The Latest: San Francisco sues Trump over conscience rights

May 3, 2019
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President Donald Trump speaks during a National Day of Prayer event in the Rose Garden of the White House, Thursday May 2, 2019, in Washington. (AP Photo/Evan Vucci)

WASHINGTON (AP) — The Latest on the Trump administration’s “conscience rights” regulation (all times local):

6:15 p.m.

The city of San Francisco is suing the Trump administration over its new regulation allowing health care professionals to opt out of providing treatments they oppose.

City Attorney Dennis Herrera filed the lawsuit in U.S. District Court for Northern California on Thursday, hours after President Donald Trump made the announcement. He argues the U.S. Department of Health and Human Services exceeded its statutory authority when it created the rule.

The rule would require institutions that receive money from federal programs to certify that they comply with some 25 federal laws protecting conscience and religious rights.

Herrera said San Francisco could lose nearly $1 billion in federal funding for health care programs such as Medicaid and Medicare.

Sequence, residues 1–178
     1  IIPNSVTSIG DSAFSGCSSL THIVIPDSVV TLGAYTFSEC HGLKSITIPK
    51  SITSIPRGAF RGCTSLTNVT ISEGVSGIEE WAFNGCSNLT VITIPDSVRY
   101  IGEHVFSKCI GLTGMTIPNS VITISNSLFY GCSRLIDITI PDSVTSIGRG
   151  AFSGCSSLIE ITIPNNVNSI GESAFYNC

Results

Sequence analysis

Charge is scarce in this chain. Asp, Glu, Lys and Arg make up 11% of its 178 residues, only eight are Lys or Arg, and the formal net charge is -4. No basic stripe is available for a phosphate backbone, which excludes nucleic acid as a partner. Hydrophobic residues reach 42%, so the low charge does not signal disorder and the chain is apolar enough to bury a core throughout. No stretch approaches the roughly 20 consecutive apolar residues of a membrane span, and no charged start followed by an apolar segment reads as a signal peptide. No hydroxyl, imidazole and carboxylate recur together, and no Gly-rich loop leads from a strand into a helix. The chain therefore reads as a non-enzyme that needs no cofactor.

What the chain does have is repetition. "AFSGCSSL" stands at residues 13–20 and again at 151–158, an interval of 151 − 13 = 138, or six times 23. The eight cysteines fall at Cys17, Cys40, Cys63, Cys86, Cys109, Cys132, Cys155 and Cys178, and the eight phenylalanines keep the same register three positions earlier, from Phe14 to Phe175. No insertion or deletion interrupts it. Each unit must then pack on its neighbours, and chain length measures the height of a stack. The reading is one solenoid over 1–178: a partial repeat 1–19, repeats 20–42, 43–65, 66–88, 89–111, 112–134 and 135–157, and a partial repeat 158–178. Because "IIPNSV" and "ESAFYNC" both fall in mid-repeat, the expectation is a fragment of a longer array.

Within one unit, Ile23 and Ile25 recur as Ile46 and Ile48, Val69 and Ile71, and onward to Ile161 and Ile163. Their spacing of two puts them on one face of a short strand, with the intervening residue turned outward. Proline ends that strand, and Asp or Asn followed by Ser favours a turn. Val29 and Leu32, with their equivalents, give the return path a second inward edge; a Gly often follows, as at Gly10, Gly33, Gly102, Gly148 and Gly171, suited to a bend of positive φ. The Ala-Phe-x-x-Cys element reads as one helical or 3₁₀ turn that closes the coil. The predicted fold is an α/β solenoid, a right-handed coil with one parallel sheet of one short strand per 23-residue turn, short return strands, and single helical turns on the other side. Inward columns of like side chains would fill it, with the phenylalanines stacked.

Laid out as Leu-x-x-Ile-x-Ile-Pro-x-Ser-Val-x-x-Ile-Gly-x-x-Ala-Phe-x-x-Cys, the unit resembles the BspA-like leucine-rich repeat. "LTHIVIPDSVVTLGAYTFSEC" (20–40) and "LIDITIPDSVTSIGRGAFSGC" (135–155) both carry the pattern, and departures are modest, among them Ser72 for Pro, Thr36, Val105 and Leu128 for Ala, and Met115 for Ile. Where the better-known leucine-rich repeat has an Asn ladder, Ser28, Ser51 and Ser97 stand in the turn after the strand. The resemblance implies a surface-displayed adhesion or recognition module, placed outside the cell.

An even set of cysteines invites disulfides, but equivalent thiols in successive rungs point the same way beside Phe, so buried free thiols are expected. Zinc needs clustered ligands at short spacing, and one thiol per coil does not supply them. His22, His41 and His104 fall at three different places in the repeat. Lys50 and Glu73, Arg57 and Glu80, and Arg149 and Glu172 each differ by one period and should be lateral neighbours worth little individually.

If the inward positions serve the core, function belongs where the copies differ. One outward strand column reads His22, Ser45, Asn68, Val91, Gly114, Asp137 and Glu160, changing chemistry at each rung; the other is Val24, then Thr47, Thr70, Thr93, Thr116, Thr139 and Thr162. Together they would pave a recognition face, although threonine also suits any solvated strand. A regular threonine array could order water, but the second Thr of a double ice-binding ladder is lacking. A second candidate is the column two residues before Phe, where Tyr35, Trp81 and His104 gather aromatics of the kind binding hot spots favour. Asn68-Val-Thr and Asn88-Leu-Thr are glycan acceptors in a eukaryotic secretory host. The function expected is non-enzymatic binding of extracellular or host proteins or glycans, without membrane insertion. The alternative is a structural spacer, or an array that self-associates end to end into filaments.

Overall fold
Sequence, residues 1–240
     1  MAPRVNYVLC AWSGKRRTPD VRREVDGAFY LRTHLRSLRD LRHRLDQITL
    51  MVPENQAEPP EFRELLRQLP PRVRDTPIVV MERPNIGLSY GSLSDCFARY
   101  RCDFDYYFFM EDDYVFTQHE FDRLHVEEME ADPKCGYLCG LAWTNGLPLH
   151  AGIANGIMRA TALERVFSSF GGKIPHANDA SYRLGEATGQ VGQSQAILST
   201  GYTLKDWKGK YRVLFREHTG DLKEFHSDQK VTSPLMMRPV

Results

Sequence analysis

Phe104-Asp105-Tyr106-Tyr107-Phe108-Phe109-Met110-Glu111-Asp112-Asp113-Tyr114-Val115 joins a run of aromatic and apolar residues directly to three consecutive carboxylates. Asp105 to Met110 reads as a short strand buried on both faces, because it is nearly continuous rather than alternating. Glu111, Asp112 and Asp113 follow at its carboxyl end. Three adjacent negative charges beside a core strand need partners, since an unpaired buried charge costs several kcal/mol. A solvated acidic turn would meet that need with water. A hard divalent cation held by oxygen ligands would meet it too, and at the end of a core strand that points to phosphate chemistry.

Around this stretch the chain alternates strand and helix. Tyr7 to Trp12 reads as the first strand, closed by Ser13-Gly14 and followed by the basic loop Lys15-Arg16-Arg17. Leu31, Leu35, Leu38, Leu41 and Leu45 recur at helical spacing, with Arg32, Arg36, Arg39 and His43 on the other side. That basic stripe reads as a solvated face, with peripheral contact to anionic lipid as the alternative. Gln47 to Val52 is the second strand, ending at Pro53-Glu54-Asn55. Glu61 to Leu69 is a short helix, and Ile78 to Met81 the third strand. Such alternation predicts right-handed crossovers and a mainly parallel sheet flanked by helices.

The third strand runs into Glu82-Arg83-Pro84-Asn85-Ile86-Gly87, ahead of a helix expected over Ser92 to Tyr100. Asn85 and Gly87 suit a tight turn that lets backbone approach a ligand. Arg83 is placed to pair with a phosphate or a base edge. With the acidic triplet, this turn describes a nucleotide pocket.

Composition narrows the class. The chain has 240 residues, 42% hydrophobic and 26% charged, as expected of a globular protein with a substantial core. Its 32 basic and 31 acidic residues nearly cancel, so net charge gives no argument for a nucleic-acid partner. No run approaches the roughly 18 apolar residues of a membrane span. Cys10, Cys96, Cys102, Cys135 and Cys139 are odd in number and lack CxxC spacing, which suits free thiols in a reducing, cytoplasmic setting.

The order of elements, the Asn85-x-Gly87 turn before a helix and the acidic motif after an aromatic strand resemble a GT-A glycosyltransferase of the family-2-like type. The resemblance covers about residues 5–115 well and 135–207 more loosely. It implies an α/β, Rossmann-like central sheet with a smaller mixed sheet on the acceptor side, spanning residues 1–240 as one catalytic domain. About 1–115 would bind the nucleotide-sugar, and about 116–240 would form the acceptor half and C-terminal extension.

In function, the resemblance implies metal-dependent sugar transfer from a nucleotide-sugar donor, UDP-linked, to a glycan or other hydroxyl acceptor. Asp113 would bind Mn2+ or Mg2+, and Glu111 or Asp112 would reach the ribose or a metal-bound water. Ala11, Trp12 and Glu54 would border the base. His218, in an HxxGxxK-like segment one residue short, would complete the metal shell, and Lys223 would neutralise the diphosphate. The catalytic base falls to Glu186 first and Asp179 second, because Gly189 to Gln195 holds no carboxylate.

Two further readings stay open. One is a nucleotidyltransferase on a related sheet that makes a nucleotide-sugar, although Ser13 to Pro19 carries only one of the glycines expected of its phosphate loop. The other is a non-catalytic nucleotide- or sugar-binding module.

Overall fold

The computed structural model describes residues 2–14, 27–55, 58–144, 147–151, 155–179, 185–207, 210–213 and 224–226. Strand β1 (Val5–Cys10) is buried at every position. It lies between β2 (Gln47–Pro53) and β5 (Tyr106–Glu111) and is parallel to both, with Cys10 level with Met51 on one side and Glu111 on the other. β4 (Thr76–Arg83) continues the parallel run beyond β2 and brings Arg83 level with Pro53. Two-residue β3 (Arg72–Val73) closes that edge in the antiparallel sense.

He said the regulation prioritizes religious beliefs over patient care and undermines access to birth control, abortion, HIV treatment and other medical services.


12:05 p.m.

The Trump administration is putting the finishing touches on a regulation to protect the rights of clinicians who object to participating in abortions.

President Donald Trump made the announcement Thursday during a speech in the White House Rose Garden to mark the National Day of Prayer.

According to an earlier draft from the Department of Health and Human Services, the rule would require that hospitals, universities, clinics and other institutions that receive funding from federal programs certify that they comply with some 25 federal laws protecting conscience and religious rights. Most of these laws address medical procedures such as abortion, sterilization and assisted suicide.

The conscience rule is a priority for religious conservatives. Some critics fear the rule could become a pretext for denying medical care to LGBT people.